• steinhorst

      Hi Cat!

      Thanks for the feedback! There’s really a world of stuff you can study on the hardware side of things, depending on what you’re interested in. Since you have a software background I’m guessing you’d be interested in microcontrollers. The Arduino really is a terrific platform for learning, I’d recommend you get some experimentation kit, like this one from Adafruit, follow some tutorials and build some projects. There’s A LOT of resources on Arduino related projects. Hackaday is an awesome general hardware hacking blog. For some more in-depth electrical engineering stuff there’s a great YouTube channel called EEVblog, by an Australian guy called Dave. Best regards!

  9. Tobi

    Hi Edu,
    Regarding the 3mA while in standby. I’m using a different voltage regulator in my circuit without enable pin (since I did not have the one you mentioned in your post). I was using the well known AMS1117 3.3V regulator and I designed a very simple “turn on circuit” using two transistors (NPN and PNP) connected together. I haven’t measured the power consumption in standby to be honest but in theory there should not be any current flowing if the transistors are not turned on. This is just an idea for you, but you might find a better possibility. Nevertheless here is a schematics view of my “power on circuit”: http://i.imgur.com/9VOgDrA.png – If you need fore information feel free to let me know (also by email ranger81 a-t dsuclan d-o-t de).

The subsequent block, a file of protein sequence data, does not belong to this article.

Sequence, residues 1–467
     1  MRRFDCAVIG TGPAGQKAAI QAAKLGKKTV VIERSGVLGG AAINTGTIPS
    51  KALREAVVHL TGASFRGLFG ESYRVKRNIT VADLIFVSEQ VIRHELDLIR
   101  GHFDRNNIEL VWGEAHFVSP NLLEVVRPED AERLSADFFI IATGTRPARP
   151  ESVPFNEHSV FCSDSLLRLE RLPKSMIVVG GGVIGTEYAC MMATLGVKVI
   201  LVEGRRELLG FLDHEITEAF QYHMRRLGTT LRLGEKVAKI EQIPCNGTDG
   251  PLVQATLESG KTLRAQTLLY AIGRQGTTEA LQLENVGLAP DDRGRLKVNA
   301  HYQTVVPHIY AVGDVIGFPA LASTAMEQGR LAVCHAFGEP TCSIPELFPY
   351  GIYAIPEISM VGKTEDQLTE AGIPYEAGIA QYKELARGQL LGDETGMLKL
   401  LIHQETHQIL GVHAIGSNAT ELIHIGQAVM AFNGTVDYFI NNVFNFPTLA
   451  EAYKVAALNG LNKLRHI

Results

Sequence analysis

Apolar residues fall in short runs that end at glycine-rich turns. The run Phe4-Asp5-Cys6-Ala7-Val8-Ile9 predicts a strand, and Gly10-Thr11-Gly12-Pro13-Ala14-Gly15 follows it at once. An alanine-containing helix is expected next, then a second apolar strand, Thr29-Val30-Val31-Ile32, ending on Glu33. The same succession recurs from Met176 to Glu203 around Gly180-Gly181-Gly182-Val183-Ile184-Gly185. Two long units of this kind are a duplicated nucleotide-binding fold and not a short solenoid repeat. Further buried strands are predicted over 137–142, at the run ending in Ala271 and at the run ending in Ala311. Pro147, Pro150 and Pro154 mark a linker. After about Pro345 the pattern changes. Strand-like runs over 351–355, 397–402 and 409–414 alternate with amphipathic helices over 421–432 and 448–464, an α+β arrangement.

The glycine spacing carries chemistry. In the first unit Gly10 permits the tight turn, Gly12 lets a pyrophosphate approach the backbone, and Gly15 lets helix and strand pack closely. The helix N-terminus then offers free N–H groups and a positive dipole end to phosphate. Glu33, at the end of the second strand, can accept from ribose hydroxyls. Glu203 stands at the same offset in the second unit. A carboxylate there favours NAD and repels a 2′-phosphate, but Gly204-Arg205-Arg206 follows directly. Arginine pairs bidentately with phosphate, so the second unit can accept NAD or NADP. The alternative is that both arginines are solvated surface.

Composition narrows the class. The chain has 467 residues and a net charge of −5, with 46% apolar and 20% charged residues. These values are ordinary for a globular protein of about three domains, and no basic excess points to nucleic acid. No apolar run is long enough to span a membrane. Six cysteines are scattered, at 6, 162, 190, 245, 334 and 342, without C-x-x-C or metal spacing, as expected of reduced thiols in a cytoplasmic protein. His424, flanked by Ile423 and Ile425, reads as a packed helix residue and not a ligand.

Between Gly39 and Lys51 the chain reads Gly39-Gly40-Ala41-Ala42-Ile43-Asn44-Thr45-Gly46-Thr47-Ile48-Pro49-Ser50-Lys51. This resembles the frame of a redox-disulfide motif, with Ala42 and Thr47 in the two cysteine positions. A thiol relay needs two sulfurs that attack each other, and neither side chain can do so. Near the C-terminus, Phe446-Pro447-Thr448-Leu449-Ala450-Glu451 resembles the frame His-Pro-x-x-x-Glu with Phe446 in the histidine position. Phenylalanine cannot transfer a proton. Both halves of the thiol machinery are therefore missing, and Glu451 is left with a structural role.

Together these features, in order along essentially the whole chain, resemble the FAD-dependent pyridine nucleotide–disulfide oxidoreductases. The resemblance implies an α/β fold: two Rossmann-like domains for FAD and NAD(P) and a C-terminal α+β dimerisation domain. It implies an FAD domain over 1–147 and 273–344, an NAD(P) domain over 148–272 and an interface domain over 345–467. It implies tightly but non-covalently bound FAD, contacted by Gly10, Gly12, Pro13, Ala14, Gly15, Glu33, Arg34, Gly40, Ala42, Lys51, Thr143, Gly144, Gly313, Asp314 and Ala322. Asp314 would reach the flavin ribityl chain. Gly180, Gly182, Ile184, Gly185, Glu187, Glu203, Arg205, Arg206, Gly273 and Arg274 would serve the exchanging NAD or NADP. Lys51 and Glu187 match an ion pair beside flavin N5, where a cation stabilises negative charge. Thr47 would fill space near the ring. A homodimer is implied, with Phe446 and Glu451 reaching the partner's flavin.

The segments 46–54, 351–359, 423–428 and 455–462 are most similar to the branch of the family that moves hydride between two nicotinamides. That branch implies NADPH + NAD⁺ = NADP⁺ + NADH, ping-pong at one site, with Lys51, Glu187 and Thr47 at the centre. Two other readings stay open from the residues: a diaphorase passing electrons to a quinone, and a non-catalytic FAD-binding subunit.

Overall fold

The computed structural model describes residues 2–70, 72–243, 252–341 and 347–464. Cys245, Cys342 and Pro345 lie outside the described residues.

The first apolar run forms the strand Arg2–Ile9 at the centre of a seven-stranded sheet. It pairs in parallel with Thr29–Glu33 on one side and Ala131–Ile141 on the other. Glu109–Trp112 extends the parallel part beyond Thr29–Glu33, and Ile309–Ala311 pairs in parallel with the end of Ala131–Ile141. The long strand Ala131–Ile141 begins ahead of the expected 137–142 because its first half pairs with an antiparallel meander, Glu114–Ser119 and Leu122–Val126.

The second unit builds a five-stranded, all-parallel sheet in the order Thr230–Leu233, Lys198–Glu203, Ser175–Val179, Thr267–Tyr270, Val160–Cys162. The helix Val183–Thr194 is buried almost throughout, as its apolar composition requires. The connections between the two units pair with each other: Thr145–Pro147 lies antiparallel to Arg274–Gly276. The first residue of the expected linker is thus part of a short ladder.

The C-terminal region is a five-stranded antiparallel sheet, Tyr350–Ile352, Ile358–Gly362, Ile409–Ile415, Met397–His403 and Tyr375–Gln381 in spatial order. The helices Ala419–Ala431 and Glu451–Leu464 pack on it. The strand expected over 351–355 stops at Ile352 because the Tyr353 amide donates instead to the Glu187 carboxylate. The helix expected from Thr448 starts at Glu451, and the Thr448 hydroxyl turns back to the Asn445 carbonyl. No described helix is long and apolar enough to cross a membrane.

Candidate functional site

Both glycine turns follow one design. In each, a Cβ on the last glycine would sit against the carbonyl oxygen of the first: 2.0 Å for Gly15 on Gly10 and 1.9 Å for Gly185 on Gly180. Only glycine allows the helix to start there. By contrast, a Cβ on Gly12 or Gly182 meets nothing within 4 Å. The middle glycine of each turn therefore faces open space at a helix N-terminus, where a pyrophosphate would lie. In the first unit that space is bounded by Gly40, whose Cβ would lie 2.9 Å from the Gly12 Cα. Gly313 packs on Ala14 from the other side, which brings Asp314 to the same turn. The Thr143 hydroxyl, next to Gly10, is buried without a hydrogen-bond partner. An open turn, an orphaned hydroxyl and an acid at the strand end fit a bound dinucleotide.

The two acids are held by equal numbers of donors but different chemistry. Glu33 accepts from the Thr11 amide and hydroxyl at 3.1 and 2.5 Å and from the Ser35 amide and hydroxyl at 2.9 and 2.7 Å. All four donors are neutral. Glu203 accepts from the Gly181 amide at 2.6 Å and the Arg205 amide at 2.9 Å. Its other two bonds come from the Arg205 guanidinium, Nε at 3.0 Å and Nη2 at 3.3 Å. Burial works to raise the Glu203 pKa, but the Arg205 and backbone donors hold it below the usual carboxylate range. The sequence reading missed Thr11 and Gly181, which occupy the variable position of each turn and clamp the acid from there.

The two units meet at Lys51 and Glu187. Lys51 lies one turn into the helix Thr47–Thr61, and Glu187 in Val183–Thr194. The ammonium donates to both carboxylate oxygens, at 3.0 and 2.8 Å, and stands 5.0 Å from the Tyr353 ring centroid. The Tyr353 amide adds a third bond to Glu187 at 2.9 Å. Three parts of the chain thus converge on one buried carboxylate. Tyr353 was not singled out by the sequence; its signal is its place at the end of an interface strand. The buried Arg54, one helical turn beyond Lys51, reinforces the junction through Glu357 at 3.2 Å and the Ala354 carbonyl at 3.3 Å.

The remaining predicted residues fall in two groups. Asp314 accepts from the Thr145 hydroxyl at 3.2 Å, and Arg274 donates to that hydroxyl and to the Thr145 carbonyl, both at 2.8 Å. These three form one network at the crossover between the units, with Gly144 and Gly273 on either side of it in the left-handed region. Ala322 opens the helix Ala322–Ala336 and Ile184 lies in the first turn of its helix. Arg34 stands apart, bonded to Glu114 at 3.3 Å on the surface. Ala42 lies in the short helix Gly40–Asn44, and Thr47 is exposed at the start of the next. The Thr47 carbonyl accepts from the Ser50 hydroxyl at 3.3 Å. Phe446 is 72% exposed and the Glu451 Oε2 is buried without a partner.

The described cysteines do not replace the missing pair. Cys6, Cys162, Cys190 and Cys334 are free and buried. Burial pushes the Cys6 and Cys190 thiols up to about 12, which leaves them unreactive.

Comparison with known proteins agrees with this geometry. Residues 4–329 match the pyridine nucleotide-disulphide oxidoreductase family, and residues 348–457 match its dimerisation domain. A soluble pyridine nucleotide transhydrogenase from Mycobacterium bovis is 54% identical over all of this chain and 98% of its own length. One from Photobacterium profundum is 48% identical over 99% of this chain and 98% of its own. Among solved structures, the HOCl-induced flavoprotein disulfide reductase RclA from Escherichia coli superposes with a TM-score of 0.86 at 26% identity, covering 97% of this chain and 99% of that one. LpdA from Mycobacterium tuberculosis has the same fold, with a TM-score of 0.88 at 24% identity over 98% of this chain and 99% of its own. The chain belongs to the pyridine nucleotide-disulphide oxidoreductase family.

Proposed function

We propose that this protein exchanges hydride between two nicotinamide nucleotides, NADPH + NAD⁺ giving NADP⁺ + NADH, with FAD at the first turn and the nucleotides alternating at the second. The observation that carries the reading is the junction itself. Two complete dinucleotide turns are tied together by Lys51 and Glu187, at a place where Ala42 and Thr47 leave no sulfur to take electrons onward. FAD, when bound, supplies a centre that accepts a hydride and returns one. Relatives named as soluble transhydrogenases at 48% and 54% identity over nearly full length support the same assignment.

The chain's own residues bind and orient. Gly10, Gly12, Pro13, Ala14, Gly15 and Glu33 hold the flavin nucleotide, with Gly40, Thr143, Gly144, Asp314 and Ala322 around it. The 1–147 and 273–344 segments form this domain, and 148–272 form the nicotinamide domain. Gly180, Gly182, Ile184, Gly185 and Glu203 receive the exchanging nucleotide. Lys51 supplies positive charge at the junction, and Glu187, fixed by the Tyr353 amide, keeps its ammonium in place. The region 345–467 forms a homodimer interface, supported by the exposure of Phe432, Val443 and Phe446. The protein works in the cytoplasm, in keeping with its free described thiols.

In a few weeks I’m also going to produce a small video about my blood pressure hack and post it to YouTube. I’ll let you know once this is done.

    Thank you,
    Tobi

    • steinhorst

      Hey Tobi,

      thanks for the circuit! I´m using it too. I gave up on the enable pin for the KIA78R33. I´m guessing the 3mA are really just it´s standby current (when disabled) really, even though it´s not listed in the datasheet. Either that or I have a defective unit :). Anyway, the transistor switch is working wonders now, standby consumption is around 1.5uA. Batteries should last a long time now. Thanks!

      Edu

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  11. Kim

    Hi my blood pressure monitor comes with a RX, TX GND pin and i connected it on a FTDI232rl and it does not work. im trying to connect SDA and SCL pin of 24c01wp on my FTDI232rl (rx,tx) can u help me how.

    • steinhorst

      Hi Kim, SDA and SCL are for the I2C protocol, not UART. FTDI232rl is an UART to USB translator. In order for you to read the contents of that flash chip you need an I2C capable microcontroller such as an Arduino.